Data

How Much Money is Your Company Making from its Data?

Make Money from Your Data

What if you discovered oil in your backyard? How would you get it extracted from your property and deliver it to customers? Where would you sell it and what would you charge? If the world’s most valuable resource is no longer oil, but data, how does your enterprise leverage the data it already creates and manages to turn what is ‘in your backyard’ into a sustainable revenue stream?

IDC’s predicts that by 2018, 50% of large enterprises will be generating data as a service revenue from the sale of raw data, derived metrics, insights, and recommendations. Providing Data as a Service (DaaS)[1] is not a ‘Beverly Hillbillies’ scenario – I don’t believe that a few enterprises are going to get rich quickly, or that less sophisticated companies are going to have sudden power in the DaaS market. However, we will be reaching a point where the majority of companies will have plans and actual revenue from monetizing their own data. The ferocious appetite for data is driving demand for new supplies of data. In a recently study of 500 enterprises in the U.S. we found that 84% plan to increase or maintain their existing DaaS budgets.

Discussions of ‘big data’ have focused on leveraging data in the context of internal use of data for decision support, driving efficiencies and seizing new customer and product opportunities. Enterprises have corralled resources to better manage and cleanse their data – and many have created cross-functional capabilities to exploit data in ways that did not seem obvious initially. The next logical step for them is to seek a return on this data investment externally.

Data services have existed for decades, but a combination of large diverse firms (i.e. Bloomberg, Dun & Bradstreet) and specialists in specific industries or processes have dominated this market (IBM’s Weather Company, HG Data, IRI, IQVIA, etc.). What we see now is that enterprises that have successfully gained value from their internal data are beginning to provide their own data as a service to others who may be connected in the value chain – or in entirely different commercial spheres. The emergence of social media data gives greater visibility into consumer and buyer mindsets. The emergence of IoT is shining a light on non-consumer content for the intelligent and connected world.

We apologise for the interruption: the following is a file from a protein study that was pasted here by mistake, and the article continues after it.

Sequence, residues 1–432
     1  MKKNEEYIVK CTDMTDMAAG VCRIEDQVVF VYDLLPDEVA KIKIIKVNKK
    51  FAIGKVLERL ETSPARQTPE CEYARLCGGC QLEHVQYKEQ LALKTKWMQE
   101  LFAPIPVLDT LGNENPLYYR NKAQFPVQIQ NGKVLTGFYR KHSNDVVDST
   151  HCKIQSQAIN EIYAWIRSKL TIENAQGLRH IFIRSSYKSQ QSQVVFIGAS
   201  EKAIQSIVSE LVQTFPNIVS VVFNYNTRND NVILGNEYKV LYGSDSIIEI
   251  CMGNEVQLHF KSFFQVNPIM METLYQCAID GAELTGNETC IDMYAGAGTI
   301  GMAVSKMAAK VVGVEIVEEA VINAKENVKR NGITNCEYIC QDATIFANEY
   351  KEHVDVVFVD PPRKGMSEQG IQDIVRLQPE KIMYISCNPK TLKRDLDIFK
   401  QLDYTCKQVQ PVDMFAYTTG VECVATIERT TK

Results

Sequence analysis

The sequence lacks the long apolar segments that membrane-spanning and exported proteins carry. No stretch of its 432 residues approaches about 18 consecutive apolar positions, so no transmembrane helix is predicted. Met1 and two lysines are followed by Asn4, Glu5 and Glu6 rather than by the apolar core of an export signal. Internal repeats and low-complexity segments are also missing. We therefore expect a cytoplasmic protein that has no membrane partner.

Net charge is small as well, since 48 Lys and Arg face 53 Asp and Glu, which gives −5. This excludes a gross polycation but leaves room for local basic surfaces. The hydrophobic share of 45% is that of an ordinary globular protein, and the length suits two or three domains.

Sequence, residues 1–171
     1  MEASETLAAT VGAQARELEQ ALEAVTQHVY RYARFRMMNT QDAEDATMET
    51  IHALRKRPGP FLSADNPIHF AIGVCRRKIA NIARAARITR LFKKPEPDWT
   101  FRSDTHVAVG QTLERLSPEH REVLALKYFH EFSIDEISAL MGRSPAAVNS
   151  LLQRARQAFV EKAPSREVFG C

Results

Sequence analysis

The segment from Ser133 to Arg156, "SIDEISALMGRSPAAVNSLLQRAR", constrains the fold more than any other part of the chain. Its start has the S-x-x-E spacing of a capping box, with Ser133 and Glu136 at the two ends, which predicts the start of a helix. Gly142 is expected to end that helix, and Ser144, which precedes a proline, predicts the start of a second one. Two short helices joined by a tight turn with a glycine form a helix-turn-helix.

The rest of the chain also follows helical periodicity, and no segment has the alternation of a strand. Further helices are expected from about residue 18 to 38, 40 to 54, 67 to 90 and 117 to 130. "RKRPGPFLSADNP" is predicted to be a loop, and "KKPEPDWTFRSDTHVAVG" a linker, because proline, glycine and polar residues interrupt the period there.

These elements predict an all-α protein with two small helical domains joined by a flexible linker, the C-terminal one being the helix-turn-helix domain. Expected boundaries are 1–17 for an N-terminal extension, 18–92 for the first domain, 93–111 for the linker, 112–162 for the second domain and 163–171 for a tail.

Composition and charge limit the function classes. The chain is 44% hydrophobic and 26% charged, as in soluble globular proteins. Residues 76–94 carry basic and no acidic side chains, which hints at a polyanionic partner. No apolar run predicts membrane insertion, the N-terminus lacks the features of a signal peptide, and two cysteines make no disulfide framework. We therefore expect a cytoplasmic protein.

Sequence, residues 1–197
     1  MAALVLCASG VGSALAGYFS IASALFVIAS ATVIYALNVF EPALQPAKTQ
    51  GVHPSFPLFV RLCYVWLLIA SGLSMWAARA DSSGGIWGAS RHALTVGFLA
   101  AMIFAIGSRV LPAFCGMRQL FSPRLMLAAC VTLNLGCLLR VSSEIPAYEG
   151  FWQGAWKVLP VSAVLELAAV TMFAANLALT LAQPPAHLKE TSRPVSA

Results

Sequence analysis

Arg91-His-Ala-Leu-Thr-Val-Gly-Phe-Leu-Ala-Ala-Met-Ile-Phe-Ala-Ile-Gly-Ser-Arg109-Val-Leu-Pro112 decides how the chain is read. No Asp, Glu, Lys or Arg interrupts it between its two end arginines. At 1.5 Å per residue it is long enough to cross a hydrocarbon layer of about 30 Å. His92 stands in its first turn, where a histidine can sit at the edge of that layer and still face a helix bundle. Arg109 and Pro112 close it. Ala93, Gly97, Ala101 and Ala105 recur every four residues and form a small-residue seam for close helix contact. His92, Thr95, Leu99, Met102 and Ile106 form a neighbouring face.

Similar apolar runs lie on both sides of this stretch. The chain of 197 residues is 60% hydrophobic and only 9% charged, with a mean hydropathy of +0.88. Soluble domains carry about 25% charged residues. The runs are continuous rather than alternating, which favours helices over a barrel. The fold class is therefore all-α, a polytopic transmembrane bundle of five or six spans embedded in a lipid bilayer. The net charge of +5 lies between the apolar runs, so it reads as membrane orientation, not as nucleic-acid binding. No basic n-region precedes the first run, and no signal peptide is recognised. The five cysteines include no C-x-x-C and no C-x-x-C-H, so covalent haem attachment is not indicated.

Firms with a heritage in the information service industry have an early advantage because their names are synonymous with quality information. However, even these firms must undergo digital transformation that involves introduction of new products, new partnerships, and new pricing and delivery methods. While other well-known enterprises may have valuable data for this market, it is more difficult for them to offer a pure data product directly. However, there are two other options where a number of firms have been successful.

The first is an increase in the number of products and services that are being enhanced by adding data as a service. Organizations that have data that could add value to their existing lines of business, such as software or navigation applications, have been creating higher value (and higher priced) offerings. Software that includes process benchmarks, or navigation that also includes real-time traffic updates from simultaneous users are examples.

Another option is to provide data through existing platform offerings. IDC sees both software vendors (Oracle Data Cloud, SAP Data Network, Qlik Data Market) and independent marketplaces (Dawex, q Data Marketplace) evolving, and providing the opportunity for organizations that are not data-as-a-service specialists to participate in this market more easily. Using a recognized platform helps to make the offering visible to a wider audience and facilitates the incorporation of the data into a multisource and multidimensional feed for new use cases. These platforms can also aid with the many capabilities that may be new to companies from non-information service industries, such as:

  • Aggregating, storing and processing data
  • Packaging, pricing and distribution practices
  • Understanding and abiding by data sovereignty laws and privacy regulations

In the foreseeable future, a rapidly expanding number of private and public-sector organizations are expected to monetize data externally. These organizations will need to create a data monetization strategy and navigate a market that has many potential conduits between data buyers and sellers which will help new entrants to the market create revenue more quickly. By the end of 2018, the majority of large enterprises will answer the answer the question of “How much money are you making from your data?” with a real number.

[1] IDC defines DaaS as data delivery services that enable an organization to externally monetize raw data, generated as part of its ongoing operations, or value-added information derived from this raw data or from aggregated third-party data.

Lynne Schneider is Research Director leading IDC’s Data as a Service (DaaS) market research and advisory practice.

Visit idc.com/itexecutive for more on data research and other offerings from IDC’s IT Executive Program.

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